Sunday, June 23, 2013

Are Your Characters and Scenes Believable?

  Are Your Characters and Scenes Believable?

     One important aspect of writing fiction is your character development.  Are your characters flat and dull, or full of life and individualism? A book will not sell if the characters are nothing more than a person, a job and an existence. 

  A scene telling the reader why he prefers a grey suit to the black one, or that she made a salad using lettuce, tomatoes, celery and avocado “because she knew they healthier than coleslaw” is boring, boring and boring. Unless every word advanced the story in a needed way don’t write them just to fill space.

Successful writers learn to weave information into a story when it’s most needed to advance the plot or outcome of the story.  Readers don't give a diddly-squat about irrelevant ‘facts’ that do nothing to explain what has happened, or will happen later on. Irrelevant facts only annoy seasoned readers who are paying to be entertained by either larger-than-life characters, or those they can relate to. They can often be both when we create realistic characters in our stories. Readers won’t finish reading a book or story filled with similar cookie-cutter characters that look alike but sport different names. How you develop each character can make, or break your story. 

 When developing characters consider what their purpose is, and how they will advance the story.  Who are they and how will they related to your protagonist . . . or your antagonist?  Will they choose sides in a conflict, or will they stay neutral?  Will be true blue, or will stumble and betray?  

What is their personality like? Are they fleeting, steadfast, moody, free-spirited, brooding, introverted, happy, cautious, curious, adventurous, fearful, shy, boisterous, flighty, smart, inexperienced, dumb as a rock, or pure genius? Will they have a tendency for being a psychopathic or sociopathic–or perhaps be outright crazy?  

Some details are needed in a story to detail who and what they are in the here and now, as well as what made them so, for the reader understand fully where they are coming from at this point in time.  However, don’t over explain, and don’t bunch all the details into one part of the story.  Unfold your story in layers.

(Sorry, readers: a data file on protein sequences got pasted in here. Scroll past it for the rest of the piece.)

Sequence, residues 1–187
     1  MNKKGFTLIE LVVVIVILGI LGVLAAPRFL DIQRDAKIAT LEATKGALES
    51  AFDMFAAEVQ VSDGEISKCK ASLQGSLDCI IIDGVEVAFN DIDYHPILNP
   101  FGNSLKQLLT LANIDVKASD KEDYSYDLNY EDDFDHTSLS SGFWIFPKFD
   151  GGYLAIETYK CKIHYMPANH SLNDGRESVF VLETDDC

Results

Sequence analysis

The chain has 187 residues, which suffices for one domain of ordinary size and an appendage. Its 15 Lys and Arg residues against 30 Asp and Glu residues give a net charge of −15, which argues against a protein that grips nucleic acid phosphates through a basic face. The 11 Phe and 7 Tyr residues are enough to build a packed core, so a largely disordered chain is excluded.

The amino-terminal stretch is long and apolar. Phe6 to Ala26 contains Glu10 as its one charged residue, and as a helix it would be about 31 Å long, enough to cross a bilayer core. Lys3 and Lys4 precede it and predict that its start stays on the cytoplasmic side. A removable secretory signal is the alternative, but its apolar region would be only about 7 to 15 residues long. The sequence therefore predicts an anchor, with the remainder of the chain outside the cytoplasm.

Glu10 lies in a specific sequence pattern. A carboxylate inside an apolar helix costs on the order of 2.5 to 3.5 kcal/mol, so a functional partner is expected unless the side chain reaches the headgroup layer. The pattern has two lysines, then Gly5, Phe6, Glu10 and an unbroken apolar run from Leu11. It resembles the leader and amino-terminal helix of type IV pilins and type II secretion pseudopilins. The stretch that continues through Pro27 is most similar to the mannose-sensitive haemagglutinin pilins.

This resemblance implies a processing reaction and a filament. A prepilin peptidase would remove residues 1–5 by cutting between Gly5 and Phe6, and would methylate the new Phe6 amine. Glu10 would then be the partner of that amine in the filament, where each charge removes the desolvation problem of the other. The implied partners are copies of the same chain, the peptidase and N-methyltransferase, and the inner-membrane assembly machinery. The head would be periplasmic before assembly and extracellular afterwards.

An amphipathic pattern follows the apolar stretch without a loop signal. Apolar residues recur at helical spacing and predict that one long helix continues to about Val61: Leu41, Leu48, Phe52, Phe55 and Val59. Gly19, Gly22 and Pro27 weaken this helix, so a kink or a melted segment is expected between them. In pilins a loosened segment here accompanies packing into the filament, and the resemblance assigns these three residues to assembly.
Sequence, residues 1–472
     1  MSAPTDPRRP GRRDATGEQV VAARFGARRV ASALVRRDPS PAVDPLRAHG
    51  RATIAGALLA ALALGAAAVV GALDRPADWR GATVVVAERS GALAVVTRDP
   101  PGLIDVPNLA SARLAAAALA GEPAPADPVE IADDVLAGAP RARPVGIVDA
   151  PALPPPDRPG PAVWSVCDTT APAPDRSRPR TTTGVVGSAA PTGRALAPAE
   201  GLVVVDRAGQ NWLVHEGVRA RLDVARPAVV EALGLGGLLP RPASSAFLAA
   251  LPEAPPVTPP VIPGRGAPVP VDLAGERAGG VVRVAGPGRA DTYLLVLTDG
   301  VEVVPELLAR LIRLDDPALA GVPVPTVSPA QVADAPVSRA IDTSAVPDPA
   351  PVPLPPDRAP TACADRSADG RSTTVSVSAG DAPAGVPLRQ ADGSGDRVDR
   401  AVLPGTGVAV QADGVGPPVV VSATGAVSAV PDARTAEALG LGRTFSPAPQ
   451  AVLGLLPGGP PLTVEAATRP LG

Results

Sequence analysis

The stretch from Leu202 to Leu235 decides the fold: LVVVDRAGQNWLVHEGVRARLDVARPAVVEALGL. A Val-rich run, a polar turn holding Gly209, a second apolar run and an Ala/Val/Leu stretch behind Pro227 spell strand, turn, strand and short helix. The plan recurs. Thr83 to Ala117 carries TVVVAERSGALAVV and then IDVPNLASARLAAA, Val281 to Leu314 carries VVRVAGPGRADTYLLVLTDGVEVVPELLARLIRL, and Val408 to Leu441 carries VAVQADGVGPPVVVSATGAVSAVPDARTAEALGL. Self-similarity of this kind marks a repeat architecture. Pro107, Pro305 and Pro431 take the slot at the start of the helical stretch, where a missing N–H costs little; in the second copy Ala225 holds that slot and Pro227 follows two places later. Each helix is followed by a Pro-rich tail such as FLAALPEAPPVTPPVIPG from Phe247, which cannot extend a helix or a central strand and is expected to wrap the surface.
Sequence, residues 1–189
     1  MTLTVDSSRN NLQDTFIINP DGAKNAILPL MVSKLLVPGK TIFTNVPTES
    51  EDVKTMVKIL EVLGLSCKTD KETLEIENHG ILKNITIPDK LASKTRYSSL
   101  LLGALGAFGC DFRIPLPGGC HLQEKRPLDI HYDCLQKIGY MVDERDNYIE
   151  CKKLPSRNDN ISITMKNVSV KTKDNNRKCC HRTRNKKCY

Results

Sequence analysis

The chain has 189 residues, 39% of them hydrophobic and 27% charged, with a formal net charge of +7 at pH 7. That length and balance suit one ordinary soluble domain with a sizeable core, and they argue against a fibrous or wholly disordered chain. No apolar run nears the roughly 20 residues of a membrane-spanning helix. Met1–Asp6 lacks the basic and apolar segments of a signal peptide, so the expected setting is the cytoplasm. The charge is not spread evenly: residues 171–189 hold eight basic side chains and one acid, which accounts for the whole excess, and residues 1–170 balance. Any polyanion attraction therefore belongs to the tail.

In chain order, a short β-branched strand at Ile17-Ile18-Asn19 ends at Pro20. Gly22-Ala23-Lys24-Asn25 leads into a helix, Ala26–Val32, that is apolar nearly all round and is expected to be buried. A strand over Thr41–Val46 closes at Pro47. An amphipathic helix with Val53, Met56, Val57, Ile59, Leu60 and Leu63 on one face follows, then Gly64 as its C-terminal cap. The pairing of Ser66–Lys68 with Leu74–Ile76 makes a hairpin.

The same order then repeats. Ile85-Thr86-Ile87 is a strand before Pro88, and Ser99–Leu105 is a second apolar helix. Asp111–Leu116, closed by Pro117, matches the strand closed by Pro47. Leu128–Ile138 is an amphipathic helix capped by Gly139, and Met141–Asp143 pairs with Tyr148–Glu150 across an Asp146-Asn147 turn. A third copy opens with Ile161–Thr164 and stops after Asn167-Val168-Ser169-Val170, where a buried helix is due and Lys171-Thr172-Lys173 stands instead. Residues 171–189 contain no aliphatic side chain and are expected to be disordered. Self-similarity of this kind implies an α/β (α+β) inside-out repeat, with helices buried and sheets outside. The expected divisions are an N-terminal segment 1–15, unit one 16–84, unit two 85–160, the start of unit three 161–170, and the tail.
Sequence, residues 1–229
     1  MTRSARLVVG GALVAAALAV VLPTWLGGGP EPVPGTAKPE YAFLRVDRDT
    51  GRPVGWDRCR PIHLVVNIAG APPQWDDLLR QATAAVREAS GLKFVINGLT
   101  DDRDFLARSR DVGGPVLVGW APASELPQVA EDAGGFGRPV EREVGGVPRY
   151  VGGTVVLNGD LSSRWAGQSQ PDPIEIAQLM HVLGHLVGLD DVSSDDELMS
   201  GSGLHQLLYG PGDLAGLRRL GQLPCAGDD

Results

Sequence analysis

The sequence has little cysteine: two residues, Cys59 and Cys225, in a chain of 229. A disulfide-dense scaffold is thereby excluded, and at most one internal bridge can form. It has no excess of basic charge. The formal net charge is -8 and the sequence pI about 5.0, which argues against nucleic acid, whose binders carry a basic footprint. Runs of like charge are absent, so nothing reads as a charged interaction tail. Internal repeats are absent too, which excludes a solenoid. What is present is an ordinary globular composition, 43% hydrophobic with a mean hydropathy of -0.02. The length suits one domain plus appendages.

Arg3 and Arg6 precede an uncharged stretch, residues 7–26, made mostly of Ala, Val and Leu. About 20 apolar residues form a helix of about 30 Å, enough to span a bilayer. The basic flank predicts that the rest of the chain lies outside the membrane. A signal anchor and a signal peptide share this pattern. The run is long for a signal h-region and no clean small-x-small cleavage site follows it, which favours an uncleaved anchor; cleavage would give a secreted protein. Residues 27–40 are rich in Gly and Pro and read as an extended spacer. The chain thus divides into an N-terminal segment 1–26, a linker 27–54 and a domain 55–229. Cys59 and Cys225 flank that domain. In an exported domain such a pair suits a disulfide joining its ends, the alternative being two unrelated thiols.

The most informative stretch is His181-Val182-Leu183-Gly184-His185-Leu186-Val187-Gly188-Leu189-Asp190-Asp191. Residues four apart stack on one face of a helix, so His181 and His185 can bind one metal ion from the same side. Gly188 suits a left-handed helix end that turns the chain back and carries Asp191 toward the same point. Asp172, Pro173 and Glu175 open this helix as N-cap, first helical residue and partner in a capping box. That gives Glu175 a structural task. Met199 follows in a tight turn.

Think of it as peeling away the layers of a cabbage– mild on the outside, strong at the core.  The more you peel away, bit by bit, the stronger the story is.  Each layer will increase the readers understanding. A layer can have both strong and mild elements to increase, or soften, conflict.  Unfolding the inner depths of each personality adds three-dimensional traits to each character: showing their different sides.  We are not the same day in and day out. We have fluctuating emotions, dreams, expectations, and drive. Humanize each character with faults and favor for a more interesting story. 

   Develop a sketch of what each character will be like and what their purpose is to help your story progress. If a character has no real purpose it's better to get rid of that character, or provide them with a workable plot-twist. 

   Remember this if nothing else:  Your 3-dimensional  characters must be needed. Every scene needs to make sense and be important to the scene and in understanding the characters in it. Every page must advance the story's plot.

Saturday, June 8, 2013

What's a Writer to Do?



     So you think you'd like to try your hand at writing? You've predicted outcomes of several books and movies, and even had ideas for improvement? Welcome! You have symptoms that writing may be a future prospect. You gather up paper and pen, jot down ideas, consider the possibilities with excited anticipation, and begin your new career. What joy!
     However, if you are like many of us in the beginning, the tap, tap, tap of the typewriter (or computer keys) slowed over time as you realized there is more to writing than just sharing a story. A word you had to look up to ensure its correct spelling, or meaning, to match the context of your prose. Perhaps a doubt crept in after listening to an author interview about multiple rejection letters, some quite vehement, before an editor took a chance and published her novel?